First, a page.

Castlegar Rebels- Coach Carter Duffin says a lot of their tone for this season was set through the rebuilding direction last year, which they won 13 games, collecting 31 points.
“We are keen on making sure we have the right type of young men and the right type of character in our dressing room,” says Duffin. “Hockey is that by-product that will come from that type of character. That type of work ethic.”
A strong core group of returning players will set the standard and the bar that new players coming into the room are going to have to meet. Duffin has found rookies who will fit into their room well, one is Caleb Concalves, who the team is excited to have back. The Vanderhoof product played nine games as an affiliate, scoring a goal.
“He is extremely fast. He has the ability to adjust his speed and take off, putting defenders in a tough position to contain him,” said Duffin on the Rebels website.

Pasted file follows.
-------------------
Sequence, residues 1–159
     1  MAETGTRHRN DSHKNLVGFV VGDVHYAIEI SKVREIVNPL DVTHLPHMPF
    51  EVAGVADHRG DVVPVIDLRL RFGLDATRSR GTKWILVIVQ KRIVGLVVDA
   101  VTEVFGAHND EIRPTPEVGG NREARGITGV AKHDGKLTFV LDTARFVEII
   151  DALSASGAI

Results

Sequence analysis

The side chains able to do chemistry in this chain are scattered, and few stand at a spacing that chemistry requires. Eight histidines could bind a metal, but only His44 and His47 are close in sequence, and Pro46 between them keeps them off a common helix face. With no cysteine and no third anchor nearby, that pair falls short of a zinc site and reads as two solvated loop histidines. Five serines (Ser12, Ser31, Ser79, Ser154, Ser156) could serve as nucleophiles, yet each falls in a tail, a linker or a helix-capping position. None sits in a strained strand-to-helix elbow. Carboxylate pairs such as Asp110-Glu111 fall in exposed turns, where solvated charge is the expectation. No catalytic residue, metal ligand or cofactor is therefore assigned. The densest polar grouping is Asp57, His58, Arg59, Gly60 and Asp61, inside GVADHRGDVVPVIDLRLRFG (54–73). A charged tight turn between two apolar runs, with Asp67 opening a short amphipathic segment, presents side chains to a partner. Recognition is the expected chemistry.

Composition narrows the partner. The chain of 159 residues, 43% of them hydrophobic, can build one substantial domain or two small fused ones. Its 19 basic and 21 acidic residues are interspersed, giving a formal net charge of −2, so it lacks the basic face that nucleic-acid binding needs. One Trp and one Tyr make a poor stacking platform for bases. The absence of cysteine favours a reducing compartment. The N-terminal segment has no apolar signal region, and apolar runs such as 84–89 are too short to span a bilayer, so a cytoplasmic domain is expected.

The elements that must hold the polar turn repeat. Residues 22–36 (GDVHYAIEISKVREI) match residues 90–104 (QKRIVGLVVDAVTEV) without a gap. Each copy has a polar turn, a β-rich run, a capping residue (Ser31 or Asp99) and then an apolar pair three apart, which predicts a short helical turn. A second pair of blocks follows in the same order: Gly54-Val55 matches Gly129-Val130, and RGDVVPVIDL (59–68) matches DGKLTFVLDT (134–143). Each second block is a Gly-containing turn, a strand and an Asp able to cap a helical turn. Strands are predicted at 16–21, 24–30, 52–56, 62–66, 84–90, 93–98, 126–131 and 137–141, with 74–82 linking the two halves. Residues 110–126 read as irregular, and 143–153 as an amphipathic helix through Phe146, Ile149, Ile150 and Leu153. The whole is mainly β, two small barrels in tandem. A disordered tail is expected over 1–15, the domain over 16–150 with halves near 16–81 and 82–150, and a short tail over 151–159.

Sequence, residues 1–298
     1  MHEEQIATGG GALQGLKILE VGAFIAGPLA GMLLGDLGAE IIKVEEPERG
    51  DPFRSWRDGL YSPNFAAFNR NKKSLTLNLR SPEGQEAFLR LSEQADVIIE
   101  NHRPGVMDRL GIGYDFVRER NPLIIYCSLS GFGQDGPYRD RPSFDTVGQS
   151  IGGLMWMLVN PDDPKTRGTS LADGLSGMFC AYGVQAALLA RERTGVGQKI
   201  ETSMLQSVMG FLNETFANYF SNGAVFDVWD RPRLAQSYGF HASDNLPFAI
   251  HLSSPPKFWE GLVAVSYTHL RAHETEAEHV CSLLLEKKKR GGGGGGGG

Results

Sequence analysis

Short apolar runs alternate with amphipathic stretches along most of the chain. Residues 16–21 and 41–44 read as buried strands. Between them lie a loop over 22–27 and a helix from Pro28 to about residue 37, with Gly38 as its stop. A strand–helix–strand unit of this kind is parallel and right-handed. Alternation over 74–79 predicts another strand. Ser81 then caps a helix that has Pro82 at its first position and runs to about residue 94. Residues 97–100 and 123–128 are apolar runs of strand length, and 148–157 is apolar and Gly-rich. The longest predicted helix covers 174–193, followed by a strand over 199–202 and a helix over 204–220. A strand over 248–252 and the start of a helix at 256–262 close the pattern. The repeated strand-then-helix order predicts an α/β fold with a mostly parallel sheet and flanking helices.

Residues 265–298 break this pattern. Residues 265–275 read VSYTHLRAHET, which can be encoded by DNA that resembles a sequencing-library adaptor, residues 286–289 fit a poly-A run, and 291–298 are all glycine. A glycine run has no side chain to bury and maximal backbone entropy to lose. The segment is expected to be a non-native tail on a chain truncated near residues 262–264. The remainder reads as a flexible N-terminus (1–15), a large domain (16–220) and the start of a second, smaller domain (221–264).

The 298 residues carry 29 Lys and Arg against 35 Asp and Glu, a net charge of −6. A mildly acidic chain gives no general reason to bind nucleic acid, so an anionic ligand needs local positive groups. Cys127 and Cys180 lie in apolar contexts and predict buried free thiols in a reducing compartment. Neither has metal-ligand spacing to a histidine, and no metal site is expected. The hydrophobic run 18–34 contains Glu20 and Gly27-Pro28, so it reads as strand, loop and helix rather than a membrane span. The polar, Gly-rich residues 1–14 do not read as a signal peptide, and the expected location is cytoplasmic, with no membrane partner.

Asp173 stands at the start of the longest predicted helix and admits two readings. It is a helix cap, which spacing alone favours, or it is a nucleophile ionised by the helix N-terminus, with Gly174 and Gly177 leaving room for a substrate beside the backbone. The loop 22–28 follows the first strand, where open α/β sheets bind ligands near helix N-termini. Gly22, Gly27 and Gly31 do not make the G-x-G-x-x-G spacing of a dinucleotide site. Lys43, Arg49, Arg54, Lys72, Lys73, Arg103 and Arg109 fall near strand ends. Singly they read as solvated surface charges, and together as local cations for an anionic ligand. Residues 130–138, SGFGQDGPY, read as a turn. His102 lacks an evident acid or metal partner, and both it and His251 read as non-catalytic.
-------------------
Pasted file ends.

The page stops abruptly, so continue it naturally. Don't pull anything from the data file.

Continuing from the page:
Another is Ty Grimsdale, a shifty, speedy, offensive player with an exceptional work ethic and character.
“He wants to contribute and create offense every time he hits the ice,” says Duffin.
The final piece is Jaedon Little, who played at the Prairie Hockey Academy, who brings a high-end work ethic and level of character. In 24 games with the Varsity team, Little scored 27 goals and had 51 points. In the North American Prospects Hockey League, he had four goals and 12 points in seven games.
“Little has the ability to find ways to get the puck into the net,” says Duffin. “He is able to make smooth plays, create separation and finish. Little continued to excel throughout the year, helping lead PHA to the Midget Varsity Championship. He knows how to win and will bring the right type of personal character to the Rebels program and community.”